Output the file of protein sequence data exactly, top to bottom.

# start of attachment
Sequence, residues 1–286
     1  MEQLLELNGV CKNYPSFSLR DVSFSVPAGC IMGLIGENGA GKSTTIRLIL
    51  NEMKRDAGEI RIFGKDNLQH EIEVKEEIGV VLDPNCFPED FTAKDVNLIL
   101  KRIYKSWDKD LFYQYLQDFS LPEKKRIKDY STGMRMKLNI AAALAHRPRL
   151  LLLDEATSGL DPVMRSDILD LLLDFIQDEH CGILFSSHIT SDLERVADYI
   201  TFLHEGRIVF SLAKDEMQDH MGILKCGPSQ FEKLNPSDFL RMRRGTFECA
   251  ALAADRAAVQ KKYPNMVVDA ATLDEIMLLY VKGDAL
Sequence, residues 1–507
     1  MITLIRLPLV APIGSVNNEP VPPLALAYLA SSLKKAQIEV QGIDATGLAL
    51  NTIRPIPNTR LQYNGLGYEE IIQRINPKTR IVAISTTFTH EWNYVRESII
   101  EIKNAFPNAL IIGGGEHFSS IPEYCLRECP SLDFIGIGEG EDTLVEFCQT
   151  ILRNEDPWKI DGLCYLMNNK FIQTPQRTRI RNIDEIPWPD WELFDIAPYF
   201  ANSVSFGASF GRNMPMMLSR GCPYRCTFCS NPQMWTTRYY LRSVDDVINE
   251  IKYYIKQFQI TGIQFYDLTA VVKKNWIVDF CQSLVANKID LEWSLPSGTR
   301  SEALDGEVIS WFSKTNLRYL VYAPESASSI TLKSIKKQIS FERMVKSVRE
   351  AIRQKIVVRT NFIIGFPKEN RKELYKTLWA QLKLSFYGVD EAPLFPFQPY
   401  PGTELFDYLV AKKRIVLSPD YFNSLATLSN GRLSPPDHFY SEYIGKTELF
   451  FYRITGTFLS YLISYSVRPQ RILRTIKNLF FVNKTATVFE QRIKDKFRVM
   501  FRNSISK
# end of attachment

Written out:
Sequence, residues 1–286
     1  MEQLLELNGV CKNYPSFSLR DVSFSVPAGC IMGLIGENGA GKSTTIRLIL
    51  NEMKRDAGEI RIFGKDNLQH EIEVKEEIGV VLDPNCFPED FTAKDVNLIL
   101  KRIYKSWDKD LFYQYLQDFS LPEKKRIKDY STGMRMKLNI AAALAHRPRL
   151  LLLDEATSGL DPVMRSDILD LLLDFIQDEH CGILFSSHIT SDLERVADYI
   201  TFLHEGRIVF SLAKDEMQDH MGILKCGPSQ FEKLNPSDFL RMRRGTFECA
   251  ALAADRAAVQ KKYPNMVVDA ATLDEIMLLY VKGDAL
Sequence, residues 1–507
     1  MITLIRLPLV APIGSVNNEP VPPLALAYLA SSLKKAQIEV QGIDATGLAL
    51  NTIRPIPNTR LQYNGLGYEE IIQRINPKTR IVAISTTFTH EWNYVRESII
   101  EIKNAFPNAL IIGGGEHFSS IPEYCLRECP SLDFIGIGEG EDTLVEFCQT
   151  ILRNEDPWKI DGLCYLMNNK FIQTPQRTRI RNIDEIPWPD WELFDIAPYF
   201  ANSVSFGASF GRNMPMMLSR GCPYRCTFCS NPQMWTTRYY LRSVDDVINE
   251  IKYYIKQFQI TGIQFYDLTA VVKKNWIVDF CQSLVANKID LEWSLPSGTR
   301  SEALDGEVIS WFSKTNLRYL VYAPESASSI TLKSIKKQIS FERMVKSVRE
   351  AIRQKIVVRT NFIIGFPKEN RKELYKTLWA QLKLSFYGVD EAPLFPFQPY
   401  PGTELFDYLV AKKRIVLSPD YFNSLATLSN GRLSPPDHFY SEYIGKTELF
   451  FYRITGTFLS YLISYSVRPQ RILRTIKNLF FVNKTATVFE QRIKDKFRVM
   501  FRNSISK